The noble and gallant Field-Marshal and your Lordships will be anxious to know whether we cannot go further than this and publish the full list, thus openly giving all regiments their due. I am sure my noble and gallant friend will agree that the Commander-in-Chief in the theatre of war must have the final say in this because, after all, he is responsible for the security of these troops in any operation which is pending. On the other hand, I need hardly emphasize that a Commander is more than anxious to ensure that the achievements of the units in his Forces are fully appreciated by the rest of the Army and by the nation at large. I have to say here that we have been advised by the military authorities in North Africa that the publication of the full list of the units would, in their opinion, be useful to the enemy.

Very often the units which have advanced furthest and with the greatest success are just those which have lost no prisoners to the enemy and have therefore not been identified. In view of future operations, therefore, it may well be inadvisable to inform the enemy that a unit was in action, of the presence of which unit he was unaware. But full publicity will be given whenever the Commander-in-Chief releases the names of such units, particularly when they are associated with individual distinguished actions. We are most anxious, as far as the needs of security permit, that everyone should know what units took part in the recent great victory, both First Army and Eighth Army, and I can assure your Lordships that they will be released immediately those on the spot, who are best able to judge, feel it can be done with safety.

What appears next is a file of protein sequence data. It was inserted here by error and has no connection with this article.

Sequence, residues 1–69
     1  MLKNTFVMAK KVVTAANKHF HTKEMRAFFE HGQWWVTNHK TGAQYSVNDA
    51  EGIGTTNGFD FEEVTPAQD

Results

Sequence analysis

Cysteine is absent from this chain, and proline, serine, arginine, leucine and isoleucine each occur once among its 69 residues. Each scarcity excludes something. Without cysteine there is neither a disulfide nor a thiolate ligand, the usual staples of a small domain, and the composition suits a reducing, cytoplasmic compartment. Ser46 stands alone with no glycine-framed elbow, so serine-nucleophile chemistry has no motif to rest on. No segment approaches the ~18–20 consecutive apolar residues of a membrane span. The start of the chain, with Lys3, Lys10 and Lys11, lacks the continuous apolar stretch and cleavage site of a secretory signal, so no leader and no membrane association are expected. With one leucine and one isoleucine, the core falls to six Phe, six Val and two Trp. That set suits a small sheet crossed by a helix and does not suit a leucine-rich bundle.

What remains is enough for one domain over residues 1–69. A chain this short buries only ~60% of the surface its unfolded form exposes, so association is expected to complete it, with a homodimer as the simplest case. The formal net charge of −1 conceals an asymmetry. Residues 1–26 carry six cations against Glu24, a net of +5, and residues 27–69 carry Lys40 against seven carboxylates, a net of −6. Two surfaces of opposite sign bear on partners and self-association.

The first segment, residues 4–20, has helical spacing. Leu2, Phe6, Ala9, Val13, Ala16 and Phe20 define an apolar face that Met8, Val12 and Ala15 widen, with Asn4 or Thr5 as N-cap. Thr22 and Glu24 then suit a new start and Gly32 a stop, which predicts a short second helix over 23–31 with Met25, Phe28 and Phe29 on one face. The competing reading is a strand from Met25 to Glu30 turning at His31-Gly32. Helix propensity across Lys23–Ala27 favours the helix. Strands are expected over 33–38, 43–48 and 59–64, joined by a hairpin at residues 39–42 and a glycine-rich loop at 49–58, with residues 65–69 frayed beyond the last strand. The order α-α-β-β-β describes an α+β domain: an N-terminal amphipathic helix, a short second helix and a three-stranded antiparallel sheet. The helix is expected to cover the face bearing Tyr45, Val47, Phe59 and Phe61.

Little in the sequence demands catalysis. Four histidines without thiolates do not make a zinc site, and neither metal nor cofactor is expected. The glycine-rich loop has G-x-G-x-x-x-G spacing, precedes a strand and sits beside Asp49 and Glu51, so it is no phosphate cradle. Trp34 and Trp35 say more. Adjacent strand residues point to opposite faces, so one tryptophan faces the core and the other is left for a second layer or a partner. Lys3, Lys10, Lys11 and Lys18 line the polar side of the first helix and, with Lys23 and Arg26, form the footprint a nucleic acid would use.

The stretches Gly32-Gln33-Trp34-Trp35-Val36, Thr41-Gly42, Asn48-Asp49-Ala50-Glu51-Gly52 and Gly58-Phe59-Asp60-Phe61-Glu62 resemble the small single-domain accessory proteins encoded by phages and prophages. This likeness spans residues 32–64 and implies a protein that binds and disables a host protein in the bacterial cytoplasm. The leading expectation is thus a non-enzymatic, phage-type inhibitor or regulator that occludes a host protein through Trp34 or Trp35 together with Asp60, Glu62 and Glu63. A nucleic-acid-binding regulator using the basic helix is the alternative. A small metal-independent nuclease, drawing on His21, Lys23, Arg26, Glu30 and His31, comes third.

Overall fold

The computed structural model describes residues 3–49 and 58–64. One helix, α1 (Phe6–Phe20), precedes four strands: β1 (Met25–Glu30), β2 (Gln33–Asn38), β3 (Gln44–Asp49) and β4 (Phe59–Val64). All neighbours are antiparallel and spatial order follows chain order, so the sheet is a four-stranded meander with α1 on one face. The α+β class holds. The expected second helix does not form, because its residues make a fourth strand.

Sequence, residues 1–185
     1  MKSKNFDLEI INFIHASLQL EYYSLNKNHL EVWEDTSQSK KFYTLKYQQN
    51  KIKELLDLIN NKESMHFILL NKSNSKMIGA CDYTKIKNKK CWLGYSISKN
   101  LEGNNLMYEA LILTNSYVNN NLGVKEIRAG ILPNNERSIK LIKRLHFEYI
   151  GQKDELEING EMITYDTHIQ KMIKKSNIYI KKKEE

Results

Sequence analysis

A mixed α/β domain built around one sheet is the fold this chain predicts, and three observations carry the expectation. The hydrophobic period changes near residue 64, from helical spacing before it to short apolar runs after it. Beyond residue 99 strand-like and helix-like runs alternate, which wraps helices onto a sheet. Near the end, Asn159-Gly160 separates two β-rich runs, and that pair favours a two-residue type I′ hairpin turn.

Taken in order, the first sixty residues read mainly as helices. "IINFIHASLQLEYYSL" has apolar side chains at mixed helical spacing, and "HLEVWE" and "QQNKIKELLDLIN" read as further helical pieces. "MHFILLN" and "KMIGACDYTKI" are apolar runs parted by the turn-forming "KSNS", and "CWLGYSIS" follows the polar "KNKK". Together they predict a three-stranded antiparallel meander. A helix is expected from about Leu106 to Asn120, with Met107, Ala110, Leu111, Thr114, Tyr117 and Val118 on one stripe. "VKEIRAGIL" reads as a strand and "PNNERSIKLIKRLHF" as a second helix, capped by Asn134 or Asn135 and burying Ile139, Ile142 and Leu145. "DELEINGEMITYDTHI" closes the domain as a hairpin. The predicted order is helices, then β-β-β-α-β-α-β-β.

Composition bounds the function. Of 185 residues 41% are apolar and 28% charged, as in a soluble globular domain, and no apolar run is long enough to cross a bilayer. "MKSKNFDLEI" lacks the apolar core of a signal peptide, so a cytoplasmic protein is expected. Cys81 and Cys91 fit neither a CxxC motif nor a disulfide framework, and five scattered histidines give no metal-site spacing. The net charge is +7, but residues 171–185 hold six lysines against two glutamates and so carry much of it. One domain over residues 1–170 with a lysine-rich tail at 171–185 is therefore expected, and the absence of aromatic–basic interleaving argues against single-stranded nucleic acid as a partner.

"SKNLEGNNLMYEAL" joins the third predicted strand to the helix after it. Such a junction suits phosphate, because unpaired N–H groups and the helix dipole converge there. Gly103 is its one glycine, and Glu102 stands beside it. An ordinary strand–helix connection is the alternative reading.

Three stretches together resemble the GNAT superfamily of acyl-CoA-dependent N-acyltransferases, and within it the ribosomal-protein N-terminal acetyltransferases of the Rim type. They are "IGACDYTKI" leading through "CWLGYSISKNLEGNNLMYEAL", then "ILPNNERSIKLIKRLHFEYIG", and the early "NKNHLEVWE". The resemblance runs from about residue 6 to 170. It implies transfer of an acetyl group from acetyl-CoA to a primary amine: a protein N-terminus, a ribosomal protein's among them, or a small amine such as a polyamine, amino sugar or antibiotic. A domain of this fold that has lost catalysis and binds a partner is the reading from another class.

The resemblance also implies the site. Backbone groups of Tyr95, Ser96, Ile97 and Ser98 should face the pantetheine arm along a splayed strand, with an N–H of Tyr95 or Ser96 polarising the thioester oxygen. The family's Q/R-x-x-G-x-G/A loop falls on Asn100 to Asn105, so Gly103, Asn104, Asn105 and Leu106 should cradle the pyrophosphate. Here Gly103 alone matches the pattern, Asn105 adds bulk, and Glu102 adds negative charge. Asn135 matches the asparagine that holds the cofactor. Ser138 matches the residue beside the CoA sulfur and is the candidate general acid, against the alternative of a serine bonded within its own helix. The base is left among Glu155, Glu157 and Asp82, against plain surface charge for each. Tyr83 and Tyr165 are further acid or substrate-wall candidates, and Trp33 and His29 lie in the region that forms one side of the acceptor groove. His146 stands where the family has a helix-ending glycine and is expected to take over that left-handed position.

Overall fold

I should like here to refer to a remark made by my noble and gallant friend Admiral of the Fleet Lord Cork, with regard to ignoring Irishmen serving in the Forces. I can assure my noble friend that there is no intention whatever to belittle in any way the great services which Irishmen, both from the North and from Eire, are giving to the nation in the present war. My noble and gallant friend rather took exception to a letter in The Times which he said grudged Irishmen the money which they received for services over here. It is not my province to defend The Times newspaper or those who write to it, but I do not think that letter was written for that reason. It was written for another reason into which it would not be proper for me to enter here.